Peer to Peer Lending Recommendations

by Dual Income No Kids on July 16, 2009 · 0 comments

Hi All,

If you want to get into peer to peer lending, an interesting bloomberg article just came out today on the subject.

To add come context, here are our recommendations regarding peer to peer lenders.

1) Prosper.com

AVOID. Prosper doesn’t do as good a job managing their borrowers as other alternatives in the industry. We’ve lost a LOT of money on that website, mostly our fault, but prosper’s screening and debt collection policies didn’t help. Prosper has also recently made it harder to withdraw free cash from their accounts, which for us has a feeling of adding insult to injury. Bottom line: lots of deadbeats, management not customer centric.

2) LendingClub.com

INVESTIGATE. LendingClub has an interface thats not as user friendly as prosper.com. So, its harder to navigate around their webpage. This is a problem because you have to work at lending money relative to prosper. That said, LendingClub does a MUCH better job screening applicants for loans, so there are fewer deadbeats on their site. Since the ultimate goal is to make money via loans, this is of paramount importance. You can build your wealth through this service, and you should keep that in mind as your ultimate goal.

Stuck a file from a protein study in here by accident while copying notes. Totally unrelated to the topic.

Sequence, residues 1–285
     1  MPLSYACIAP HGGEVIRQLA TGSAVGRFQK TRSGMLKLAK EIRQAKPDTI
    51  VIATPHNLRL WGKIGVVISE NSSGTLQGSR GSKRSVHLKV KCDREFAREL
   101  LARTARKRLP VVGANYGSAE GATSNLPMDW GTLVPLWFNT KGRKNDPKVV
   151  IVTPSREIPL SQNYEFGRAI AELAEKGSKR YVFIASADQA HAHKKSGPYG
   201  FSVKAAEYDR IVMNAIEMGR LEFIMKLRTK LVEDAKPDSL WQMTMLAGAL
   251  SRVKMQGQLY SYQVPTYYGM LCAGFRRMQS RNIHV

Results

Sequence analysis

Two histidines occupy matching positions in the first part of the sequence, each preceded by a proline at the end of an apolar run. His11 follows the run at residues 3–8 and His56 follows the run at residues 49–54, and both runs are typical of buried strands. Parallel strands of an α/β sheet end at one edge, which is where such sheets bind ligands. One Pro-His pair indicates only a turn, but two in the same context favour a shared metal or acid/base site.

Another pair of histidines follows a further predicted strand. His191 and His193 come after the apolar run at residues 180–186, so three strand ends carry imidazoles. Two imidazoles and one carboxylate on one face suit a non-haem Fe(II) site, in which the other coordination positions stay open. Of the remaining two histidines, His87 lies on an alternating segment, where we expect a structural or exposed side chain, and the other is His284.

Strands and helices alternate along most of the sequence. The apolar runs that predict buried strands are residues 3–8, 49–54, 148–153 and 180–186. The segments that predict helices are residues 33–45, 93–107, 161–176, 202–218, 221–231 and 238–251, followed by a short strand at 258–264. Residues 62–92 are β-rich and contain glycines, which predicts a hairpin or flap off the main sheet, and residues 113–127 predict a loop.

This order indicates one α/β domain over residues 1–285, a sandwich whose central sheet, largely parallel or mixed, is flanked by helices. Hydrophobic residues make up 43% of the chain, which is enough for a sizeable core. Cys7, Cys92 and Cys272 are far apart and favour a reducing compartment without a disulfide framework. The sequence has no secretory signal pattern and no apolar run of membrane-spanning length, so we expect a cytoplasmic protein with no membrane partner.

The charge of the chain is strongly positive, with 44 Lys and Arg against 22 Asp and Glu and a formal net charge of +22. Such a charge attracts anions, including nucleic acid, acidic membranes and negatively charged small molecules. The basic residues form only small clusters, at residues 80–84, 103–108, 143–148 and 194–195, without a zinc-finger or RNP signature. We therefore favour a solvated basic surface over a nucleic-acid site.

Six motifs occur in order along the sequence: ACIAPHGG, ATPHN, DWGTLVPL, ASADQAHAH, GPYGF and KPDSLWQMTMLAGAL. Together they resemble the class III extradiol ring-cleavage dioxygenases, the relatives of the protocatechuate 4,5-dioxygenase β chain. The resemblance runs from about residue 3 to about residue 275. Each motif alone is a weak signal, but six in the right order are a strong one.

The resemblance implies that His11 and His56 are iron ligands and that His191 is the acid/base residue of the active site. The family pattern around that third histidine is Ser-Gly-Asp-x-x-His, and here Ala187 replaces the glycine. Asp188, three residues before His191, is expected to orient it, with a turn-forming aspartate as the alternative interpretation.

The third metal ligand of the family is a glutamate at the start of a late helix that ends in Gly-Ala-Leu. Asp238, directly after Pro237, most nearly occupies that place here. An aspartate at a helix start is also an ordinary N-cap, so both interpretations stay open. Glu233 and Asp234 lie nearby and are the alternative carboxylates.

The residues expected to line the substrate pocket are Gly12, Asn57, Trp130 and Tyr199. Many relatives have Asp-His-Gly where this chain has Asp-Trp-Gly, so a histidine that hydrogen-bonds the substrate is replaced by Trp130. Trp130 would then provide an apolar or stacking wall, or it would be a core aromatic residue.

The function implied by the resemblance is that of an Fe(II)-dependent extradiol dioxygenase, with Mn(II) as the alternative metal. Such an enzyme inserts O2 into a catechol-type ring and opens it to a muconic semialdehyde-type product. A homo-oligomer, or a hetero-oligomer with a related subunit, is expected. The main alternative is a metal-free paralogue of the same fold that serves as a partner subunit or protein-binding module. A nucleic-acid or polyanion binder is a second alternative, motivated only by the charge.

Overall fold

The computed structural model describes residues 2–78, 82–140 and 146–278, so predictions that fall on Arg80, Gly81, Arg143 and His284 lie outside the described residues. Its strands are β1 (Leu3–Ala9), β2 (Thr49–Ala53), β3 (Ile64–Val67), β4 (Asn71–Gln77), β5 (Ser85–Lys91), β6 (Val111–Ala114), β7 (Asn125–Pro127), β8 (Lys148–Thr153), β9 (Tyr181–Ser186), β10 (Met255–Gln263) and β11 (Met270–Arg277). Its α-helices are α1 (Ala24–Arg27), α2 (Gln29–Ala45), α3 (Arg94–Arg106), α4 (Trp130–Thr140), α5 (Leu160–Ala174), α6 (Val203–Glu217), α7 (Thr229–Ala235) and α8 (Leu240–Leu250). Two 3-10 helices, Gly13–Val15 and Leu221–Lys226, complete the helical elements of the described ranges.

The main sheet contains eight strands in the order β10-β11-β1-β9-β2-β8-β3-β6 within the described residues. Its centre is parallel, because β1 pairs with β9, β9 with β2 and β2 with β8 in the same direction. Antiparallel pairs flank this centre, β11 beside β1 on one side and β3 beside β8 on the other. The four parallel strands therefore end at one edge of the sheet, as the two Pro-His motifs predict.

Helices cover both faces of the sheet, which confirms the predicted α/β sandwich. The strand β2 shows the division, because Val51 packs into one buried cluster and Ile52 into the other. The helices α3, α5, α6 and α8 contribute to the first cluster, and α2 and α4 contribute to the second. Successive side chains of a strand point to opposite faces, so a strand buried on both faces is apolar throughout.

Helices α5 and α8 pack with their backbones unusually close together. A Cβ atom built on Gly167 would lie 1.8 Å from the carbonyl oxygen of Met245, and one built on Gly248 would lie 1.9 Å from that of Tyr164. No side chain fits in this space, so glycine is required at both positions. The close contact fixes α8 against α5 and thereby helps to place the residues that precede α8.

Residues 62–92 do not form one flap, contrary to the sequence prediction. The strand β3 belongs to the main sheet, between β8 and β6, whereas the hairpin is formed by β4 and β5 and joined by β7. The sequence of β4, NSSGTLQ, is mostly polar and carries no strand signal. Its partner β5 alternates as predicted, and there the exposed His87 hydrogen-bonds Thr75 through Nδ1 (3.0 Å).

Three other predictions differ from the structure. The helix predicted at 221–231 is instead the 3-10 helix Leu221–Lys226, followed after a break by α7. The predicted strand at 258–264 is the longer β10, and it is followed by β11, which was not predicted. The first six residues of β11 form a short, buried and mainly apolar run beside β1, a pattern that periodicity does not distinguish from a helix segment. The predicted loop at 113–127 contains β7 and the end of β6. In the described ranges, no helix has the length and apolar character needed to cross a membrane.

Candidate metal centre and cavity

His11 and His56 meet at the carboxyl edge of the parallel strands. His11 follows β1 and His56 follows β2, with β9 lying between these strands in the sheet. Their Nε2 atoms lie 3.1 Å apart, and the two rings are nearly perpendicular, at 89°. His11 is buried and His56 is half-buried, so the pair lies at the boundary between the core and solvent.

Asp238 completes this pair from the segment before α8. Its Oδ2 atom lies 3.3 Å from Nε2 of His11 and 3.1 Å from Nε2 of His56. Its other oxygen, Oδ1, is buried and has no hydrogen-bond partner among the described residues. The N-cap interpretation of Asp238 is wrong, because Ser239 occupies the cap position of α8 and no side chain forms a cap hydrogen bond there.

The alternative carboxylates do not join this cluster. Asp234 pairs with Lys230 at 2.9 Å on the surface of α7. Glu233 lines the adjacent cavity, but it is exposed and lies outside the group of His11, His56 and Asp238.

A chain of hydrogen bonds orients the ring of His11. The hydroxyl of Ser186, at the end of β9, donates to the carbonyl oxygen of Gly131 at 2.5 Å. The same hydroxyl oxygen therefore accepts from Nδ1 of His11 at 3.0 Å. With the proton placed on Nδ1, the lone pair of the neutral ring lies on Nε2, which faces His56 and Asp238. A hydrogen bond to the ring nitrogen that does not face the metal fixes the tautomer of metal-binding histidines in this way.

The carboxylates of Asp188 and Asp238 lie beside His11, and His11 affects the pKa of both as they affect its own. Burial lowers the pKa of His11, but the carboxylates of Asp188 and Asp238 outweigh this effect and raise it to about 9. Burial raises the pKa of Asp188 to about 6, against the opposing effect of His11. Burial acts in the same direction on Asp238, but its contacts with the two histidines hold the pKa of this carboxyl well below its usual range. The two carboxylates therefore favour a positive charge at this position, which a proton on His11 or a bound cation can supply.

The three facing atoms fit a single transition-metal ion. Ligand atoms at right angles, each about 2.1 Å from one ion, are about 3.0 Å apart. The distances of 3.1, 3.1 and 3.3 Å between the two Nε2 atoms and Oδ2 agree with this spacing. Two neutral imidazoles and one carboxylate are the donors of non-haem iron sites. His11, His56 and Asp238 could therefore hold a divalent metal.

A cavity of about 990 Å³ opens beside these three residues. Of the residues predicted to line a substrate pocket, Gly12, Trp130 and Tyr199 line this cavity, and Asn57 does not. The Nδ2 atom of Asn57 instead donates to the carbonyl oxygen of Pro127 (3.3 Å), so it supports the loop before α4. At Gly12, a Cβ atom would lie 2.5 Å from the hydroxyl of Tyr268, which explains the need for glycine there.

Also, LendingClub is much better about relationship management than prosper. LendingClub actually has people you can call and talk with, this doesn’t hurt when you work with an online business. In contrast, Prosper has a nasty habit of censoring criticism on their company managed user forums. Bottom line: better borrowers, better customer service.

3) Kiva.org

INVESTIGATE. Kiva is an on-line microlending/development outfit. They basically make small loans to people in developing countries who don’t have access to capital. We haven’t done a lot of lending via Kiva, but the thing is, they do not pay interest, you only get your capital returned. Since the point of lending is to make money from charging other people to use your money, Kiva is disadvantaged. However, if you do believe that the best way to help others is by empowering them economically, then you will love Kiva. Kiva also interviews and trains their borrowers so one can be relative confident the borrowers will repay their funds. Bottom line: look into Kiva, but only for charity.

Here is the link to the Bloomberg article.

Best,

James

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